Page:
On Thursday, August 30, from noon to 1:00 p.m. in the Grand Gallery, Jule Collins Smith Museum of Fine Art presents a free concert by pianist Mary Slaton. Though specializing in over six decades of popular music, for this concert Ms. Slaton will spotlight the 1970s. Her program, “It’s All Coming Back to Me,” will feature music made famous by artists such as Neil Diamond, Bette Midler, Roberta Flack, The Eagles, Simon and Garfunkel, Lionel Ritchie, Elton John, Billy Joel, Chicago, The Beatles, Jimmy Buffett, and more. The performance is made possible in part by a gift from Stanley Sistrunk and a gift from Friends of the Series.” The café menu is available online.

Over the years, MARY SLATON has entertained thousands with her distinctive piano arrangements, and is known throughout the southeast as one of the region’s premier soloists. She knows popular music from the 1930s to present day, and specializes in the 1940s, 50s, 60s, and 70s including songs from classic movies, radio, and the canon of great American standards. While earning her Master’s degree at Memphis State University, Mary was a regular soloist at the Hilton and the Hyatt Regency. After Memphis, she lived in the Atlanta area where she played the Omni Hotel, the Hilton, the Atlanta Country Club, the Marietta Country Club, the Atlanta Athletic Club, and the 1848 Restaurant. Through her solo piano career, she boasts to have met many famous and colorful characters.

Mary grew up with her six brothers and one sister in Lee County, Alabama, in the Beauregard community on the Lazenby family farm. Her brother remembered her playing by ear at six years old. After earning her Bachelor’s degree at the University of Montevallo, Mary taught choir and piano at Beauregard School, and started bands at Beauregard and at Macon Academy in Tuskegee.

Having returned to Lee County, now in the Auburn-Opelika area, she has been featured at venues such as the Jule Collins Smith Museum of Fine Art, the Terra Cotta, the Saugahatchee Country Club, and the Marriott Hotel and Conference Center at Grand National. She enjoys entering her private students in district and state competitions, and has taught at Southern Union Community College. She leads the Mary Slaton Trio, and founded the East Alabama Community Band in which she serves as coordinator and French horn player.

Mary has one son, an architect in Birmingham. She loves spending time with her two grandchildren and growing flowers in her yard whenever possible.

Chris Krupinski (Hurricane, WV) Pears and Plums

Awards judge names winners in juried watercolor competition

By | Art, Juried Exhibition, News, Traveling Exhibition | No Comments

The “Watercolor Society of Alabama 77th Annual National Exhibition” features more than seventy pieces from artists all over the country. The exhibition is on view through Sunday, July 29.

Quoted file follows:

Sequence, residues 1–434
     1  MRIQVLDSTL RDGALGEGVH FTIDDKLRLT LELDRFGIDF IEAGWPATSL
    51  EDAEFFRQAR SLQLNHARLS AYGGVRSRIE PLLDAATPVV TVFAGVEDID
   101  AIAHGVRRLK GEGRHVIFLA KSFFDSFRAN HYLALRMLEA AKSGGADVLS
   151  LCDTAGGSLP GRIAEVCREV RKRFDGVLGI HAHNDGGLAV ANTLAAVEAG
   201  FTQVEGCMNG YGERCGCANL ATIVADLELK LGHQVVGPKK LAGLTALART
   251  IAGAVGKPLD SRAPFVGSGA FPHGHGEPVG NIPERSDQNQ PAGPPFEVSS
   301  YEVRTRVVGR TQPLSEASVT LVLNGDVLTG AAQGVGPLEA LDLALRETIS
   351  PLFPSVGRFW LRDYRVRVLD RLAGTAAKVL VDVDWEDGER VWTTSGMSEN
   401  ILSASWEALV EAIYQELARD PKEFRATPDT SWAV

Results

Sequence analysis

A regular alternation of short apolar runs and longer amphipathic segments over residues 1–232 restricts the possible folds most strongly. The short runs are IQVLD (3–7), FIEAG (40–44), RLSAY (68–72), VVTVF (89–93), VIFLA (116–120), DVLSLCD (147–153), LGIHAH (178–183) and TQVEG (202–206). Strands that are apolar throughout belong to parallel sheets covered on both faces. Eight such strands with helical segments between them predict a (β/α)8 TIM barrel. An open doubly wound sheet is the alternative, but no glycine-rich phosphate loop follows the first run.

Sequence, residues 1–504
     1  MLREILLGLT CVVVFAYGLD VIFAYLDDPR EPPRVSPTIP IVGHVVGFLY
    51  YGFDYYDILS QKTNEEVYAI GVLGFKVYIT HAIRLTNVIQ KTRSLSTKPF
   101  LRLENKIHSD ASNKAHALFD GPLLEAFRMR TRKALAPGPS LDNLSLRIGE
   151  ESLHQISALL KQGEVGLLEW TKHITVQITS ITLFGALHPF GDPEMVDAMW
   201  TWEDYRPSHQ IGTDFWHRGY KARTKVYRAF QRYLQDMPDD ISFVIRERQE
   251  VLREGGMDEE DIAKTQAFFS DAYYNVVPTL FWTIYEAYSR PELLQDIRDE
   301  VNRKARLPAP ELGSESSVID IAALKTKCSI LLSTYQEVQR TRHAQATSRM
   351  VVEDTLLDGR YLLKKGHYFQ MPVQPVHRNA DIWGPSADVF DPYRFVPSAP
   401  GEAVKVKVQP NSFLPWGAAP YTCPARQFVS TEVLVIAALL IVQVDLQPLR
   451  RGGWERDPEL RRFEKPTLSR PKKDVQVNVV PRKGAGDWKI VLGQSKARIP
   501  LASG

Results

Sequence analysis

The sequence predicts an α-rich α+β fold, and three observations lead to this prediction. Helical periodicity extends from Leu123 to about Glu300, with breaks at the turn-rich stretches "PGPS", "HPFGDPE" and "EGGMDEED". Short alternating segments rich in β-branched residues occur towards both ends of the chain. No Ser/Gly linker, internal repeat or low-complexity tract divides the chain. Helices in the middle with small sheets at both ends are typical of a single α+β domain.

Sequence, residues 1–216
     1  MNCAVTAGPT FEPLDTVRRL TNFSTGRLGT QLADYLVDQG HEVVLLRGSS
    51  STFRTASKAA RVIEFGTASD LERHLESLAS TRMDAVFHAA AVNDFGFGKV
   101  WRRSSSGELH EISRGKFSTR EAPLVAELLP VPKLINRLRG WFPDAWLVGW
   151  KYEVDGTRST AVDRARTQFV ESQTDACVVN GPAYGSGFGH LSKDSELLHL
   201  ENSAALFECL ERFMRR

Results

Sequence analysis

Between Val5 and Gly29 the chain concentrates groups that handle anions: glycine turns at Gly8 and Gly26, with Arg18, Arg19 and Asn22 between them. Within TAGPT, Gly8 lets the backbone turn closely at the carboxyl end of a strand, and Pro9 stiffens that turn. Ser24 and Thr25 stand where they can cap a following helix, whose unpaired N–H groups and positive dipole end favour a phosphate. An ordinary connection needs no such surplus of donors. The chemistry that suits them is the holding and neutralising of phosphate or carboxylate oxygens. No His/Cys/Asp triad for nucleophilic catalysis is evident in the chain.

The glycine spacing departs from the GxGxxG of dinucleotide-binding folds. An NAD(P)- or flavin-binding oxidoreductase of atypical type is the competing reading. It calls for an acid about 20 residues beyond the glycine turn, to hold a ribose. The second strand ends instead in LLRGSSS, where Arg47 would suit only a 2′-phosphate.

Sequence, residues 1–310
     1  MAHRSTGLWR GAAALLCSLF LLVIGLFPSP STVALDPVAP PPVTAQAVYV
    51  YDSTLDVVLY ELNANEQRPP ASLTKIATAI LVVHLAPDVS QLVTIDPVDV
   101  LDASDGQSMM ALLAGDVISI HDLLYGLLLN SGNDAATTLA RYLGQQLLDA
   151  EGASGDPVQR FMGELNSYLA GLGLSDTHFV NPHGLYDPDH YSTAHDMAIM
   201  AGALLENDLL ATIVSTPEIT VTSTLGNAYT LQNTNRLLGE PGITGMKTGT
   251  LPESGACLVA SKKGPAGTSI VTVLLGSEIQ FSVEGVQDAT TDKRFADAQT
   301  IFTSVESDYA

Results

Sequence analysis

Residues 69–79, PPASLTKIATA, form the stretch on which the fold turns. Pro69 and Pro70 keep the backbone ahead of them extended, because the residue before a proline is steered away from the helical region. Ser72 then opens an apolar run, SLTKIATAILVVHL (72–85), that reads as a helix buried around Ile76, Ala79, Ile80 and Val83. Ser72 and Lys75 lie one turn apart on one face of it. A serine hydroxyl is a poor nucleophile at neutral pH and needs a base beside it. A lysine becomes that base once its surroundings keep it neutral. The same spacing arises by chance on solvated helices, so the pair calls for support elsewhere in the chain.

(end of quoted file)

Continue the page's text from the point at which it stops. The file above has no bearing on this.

Awards judge, Barbara Nechis, an artist and resident of Napa, California, is the former director of the Watercolor Society. “When making my selections first I look at the work and pay attention to which pieces I respond to without analyzing why. I look for work that appears to be particular to each artist and try to choose what I believe could be recognized as such even without a signature,” said Nechis.

“Emotional content is important to me but drawing and compositional skills, control of paint, shape and edge, an understanding of the proportions of figure or landscape, considered rather than random color, brush strokes that are purposeful, not arbitrary and works that demonstrate intent rather than accidental results are among my other considerations.”

Congratulations to the winners.

Chris Krupinski (Hurricane, WV) Pears and Plums

Award of Excellence

Chris Krupinski
(Hurricane, WV)
“Pears and Plums”

Joanna Ellington (Miramar Beach, FL) Storm on the Way

Board of Directors’ Award

Joanna Ellington
(Miramar Beach, FL)
“Storm on the Way”

Debra Scoggin/Myers (Ewing, MO) Father Is Always Working

Patron Fine Art Award

Debra Scoggin/Myers
(Ewing, MO)
“Father Is Always Working”

Iain Stewart (Opelika, AL) Two Boys and a Bike—Gothenburg, Sweden

Patron Fine Art Award

Iain Stewart
(Opelika, AL)
“Two Boys and a Bike—Gothenburg, Sweden”

Charles Rouse (Vista, CA) Hanging Out at Half King

Patron Fine Art Award

Charles Rouse
(Vista, CA)
“Hanging Out at Half King”

Z. L. Feng (Radford, VA) Roots

Patron Fine Art Award

Z. L. Feng
(Radford, VA)

Bruce Little (Savannah, GA) Ferry at Night

Patron Fine Art Award

Bruce Little
(Savannah, GA)
“Ferry at Night”

Tuva Stephens (McKenzie, TN) Norm’s World II

Patron Fine Art Award

Tuva Stephens
(McKenzie, TN)
“Norm’s World II”

Merit Award: James Brantley, (Opelika, AL), “Survivor”
Merit Award: Matthew Bird, (Sykesville, MD), “For You”